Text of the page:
Did you miss the ACITI webinar Realising Paperless Trade?

Published: November 8, 2023
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In case you missed ACITI webinar that took place on November 1, don’t worry here is Bryan Clark’s, Director at ACITI and moderator, summary including link to the full recording of the seminar:

On Wednesday evening our 7th webinar featured discussion and presentation by Gunnar Collin and Ulf Eggefors from Enigio based in Stockholm about the practical application of electronic documents in the supply chain.

The recording is available here and I encourage you to circulate this information to your networks.

Key points from the discussion were for me:

  • “If you don’t know the solution exists, you won’t ask for it”.
    • Easy to implement digital solutions are now available and this is further assisted by MLETR.
  • Barriers for replacing paper in global trade include:
    • Regulations – Model law on Electronic Transferable Recorded needed to overcome this
    • Industry practice – plenty of paper still used
    • Interoperability – how to be digital with everyone?
    • Data integrity – need to be able to share data with integrity and adhering to privacy laws
  • All of these barriers need to be addressed in order to effectively embrace digital trade.
  • The MLETR doesn’t supersede existing laws, it assists to ensure adherence to current laws can be undertaken in an electronic form.
  • Implementing MLETR requires engagement with the private sector at the earliest stage
  • ICC Digital Standards Initiative work on Key Document and data Elements (KTDDE) is an excellent collation of documentary requirements across supply chains and the potential to develop APIs.
  • Paper documents are already a standard that has a history across centuries. The issue is not to bring this into the digital age.
  • Enigio’s trace:original solution brings papers documents into the digital age.
    • Any standards can be used
    • One document owner, one document, many users
    • Low cost system available now and work with existing business practices
    • Accepts any type of electronic signatures
      • Captures both the identity and the intent of the decision maker
    • Can be additionally endorsed
    • Protects business and personal data outside of the document
    • Cryptographically sealed documents
    • Key pair process to ensure document integrity.
    • Document versions and keys held on a distributed ledger (not the data of the document itself)
    • trace:original is already in use in the UK, Europe, India and elsewhere
      • Pilots operating in Latin America and West Africa. India already accepts digital documents
      • Example showed use of these documents reduced the time taken from 9 days to 1 day.
        • Reduced courier costs, increased security, lowered fraud risk and lowered environmental impacts.
  • Current paper-based trade systems have low integrity. trace:original features:
    • Human readable form
    • Machine readable form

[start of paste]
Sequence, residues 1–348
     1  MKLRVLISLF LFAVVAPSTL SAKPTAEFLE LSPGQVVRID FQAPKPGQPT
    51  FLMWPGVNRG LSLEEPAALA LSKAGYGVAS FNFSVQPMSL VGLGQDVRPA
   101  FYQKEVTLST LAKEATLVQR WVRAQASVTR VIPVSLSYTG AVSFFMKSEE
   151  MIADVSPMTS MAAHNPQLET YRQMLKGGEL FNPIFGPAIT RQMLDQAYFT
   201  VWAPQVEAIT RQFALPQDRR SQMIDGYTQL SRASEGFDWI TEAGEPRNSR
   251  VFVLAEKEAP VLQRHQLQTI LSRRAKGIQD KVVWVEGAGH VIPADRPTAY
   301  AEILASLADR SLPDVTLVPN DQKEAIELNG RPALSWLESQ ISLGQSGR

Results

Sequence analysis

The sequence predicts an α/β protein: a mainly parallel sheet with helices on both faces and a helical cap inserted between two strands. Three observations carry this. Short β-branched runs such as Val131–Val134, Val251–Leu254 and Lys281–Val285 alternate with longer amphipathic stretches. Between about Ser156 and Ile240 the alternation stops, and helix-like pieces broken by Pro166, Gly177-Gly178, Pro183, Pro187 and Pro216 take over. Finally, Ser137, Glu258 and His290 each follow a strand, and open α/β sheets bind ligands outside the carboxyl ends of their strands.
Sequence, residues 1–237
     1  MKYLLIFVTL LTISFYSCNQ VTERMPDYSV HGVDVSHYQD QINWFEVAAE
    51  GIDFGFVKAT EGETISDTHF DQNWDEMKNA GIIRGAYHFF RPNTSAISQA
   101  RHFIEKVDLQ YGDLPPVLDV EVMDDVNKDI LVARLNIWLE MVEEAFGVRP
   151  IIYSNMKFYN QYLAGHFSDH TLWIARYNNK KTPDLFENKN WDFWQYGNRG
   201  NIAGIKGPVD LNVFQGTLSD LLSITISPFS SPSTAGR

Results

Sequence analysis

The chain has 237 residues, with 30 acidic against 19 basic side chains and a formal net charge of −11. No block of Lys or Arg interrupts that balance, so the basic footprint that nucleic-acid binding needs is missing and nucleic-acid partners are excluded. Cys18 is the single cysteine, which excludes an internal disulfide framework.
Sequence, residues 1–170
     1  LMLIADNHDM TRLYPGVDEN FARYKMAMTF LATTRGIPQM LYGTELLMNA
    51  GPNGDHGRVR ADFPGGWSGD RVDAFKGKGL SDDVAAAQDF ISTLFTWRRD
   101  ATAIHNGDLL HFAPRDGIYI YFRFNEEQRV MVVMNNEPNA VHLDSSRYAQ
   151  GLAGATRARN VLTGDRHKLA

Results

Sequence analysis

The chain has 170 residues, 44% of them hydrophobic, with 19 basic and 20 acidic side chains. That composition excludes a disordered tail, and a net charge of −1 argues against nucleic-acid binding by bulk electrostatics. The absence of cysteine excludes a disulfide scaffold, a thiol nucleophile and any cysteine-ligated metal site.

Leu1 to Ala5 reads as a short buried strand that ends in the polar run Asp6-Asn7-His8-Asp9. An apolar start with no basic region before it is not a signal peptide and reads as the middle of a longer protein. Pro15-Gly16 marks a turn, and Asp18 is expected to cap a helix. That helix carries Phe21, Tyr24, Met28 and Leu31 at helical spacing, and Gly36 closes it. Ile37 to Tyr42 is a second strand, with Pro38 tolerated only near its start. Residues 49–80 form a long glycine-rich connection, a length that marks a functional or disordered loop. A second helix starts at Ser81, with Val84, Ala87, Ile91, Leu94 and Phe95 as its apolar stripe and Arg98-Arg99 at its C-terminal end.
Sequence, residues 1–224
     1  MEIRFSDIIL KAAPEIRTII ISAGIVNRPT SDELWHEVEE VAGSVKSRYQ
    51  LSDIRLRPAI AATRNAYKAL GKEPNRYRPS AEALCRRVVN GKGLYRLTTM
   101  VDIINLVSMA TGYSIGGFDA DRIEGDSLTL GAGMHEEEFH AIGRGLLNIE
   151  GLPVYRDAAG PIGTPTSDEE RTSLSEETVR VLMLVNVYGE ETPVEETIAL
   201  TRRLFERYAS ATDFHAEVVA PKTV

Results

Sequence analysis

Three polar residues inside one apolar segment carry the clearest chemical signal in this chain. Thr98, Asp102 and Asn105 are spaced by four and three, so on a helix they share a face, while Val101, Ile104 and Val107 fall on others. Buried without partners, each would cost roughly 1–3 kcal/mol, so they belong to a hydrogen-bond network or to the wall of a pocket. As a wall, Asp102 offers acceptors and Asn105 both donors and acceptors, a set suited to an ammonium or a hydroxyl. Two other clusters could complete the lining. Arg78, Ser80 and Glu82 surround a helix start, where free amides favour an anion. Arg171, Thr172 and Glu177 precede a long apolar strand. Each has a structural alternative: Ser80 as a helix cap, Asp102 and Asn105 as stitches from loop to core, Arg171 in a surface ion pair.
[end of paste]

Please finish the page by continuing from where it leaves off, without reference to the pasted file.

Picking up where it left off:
• Can include attachments
    • Executed using electronic signatures and seals
    • Immutable, verifiable and fraud protected via blockchain.
  • Digital documents become assets
  • System can be used for all types of documents
    • Trade, finance, title, educations certificates, logistics systems, etc.
  • Digital documents have ESG benefits assisting the meet UN SDG goals.
    • reduced carbon footprint
    • SME growth and prosperity
    • Innovation and infrastructure
  • Current historic paper-based data business process systems can remain in place.
  • Digital implementation needs to be led by large commercial traders and carriers to demonstrate the benefits to the wider community.
  • trace:original isn’t a platform solution
    • It only creates documents
    • The system doesn’t hold the original data
    • The users control security factors
      • Corporate seals and signatures
        • Electronic signatures can be used including different levels of security as required
        • The “authority” of the person is also a developing feature (quite advanced in Sweden)
  • Paper doesn’t provide good assurance now.
  • Laws need to recognise documents in digital forms. About 70% of global trade operates under English law.
    • ICC has eUCP frameworks which also assist
  • Agencies can use this system today as it can be both machine readable and human readable.
  • Ocean freight shippers are pushing ports to adopt digital systems
  • It would assist firms like Enigio if Australia adopted the same things the UK is adopting – eg MLETR
    • But there is no restriction on using this system now if the commercial sector uses UK law as the base for contracts.
    • Non-title commercial documents can use this system easily now
  • ICC national bodies are actively supporting digitalisation of supply chains and working with regulators in each nation which is providing momentum to digital trade reforms.
    • Corporates and trade associations need to get on board as early as they can.


Reference websites:

trace:original – Enigio

Free document notary verification site traceoriginal.com